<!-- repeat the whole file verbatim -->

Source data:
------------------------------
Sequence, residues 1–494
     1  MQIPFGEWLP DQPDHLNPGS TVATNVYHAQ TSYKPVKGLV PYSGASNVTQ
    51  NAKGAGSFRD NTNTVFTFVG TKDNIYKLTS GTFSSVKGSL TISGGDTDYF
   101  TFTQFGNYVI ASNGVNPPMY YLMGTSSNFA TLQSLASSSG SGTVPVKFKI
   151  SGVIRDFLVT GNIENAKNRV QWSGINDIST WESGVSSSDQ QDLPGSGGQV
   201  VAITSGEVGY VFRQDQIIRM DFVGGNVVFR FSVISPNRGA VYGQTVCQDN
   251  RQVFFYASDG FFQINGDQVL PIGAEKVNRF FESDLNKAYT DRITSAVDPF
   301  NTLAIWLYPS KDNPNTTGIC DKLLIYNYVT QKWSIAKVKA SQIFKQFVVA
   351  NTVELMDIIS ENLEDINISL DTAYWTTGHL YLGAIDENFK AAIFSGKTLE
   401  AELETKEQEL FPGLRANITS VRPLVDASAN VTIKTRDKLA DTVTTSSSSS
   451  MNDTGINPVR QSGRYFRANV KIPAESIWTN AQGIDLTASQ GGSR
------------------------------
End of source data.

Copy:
Sequence, residues 1–494
     1  MQIPFGEWLP DQPDHLNPGS TVATNVYHAQ TSYKPVKGLV PYSGASNVTQ
    51  NAKGAGSFRD NTNTVFTFVG TKDNIYKLTS GTFSSVKGSL TISGGDTDYF
   101  TFTQFGNYVI ASNGVNPPMY YLMGTSSNFA TLQSLASSSG SGTVPVKFKI
   151  SGVIRDFLVT GNIENAKNRV QWSGINDIST WESGVSSSDQ QDLPGSGGQV
   201  VAITSGEVGY VFRQDQIIRM DFVGGNVVFR FSVISPNRGA VYGQTVCQDN
   251  RQVFFYASDG FFQINGDQVL PIGAEKVNRF FESDLNKAYT DRITSAVDPF
   301  NTLAIWLYPS KDNPNTTGIC DKLLIYNYVT QKWSIAKVKA SQIFKQFVVA
   351  NTVELMDIIS ENLEDINISL DTAYWTTGHL YLGAIDENFK AAIFSGKTLE
   401  AELETKEQEL FPGLRANITS VRPLVDASAN VTIKTRDKLA DTVTTSSSSS
   451  MNDTGINPVR QSGRYFRANV KIPAESIWTN AQGIDLTASQ GGSR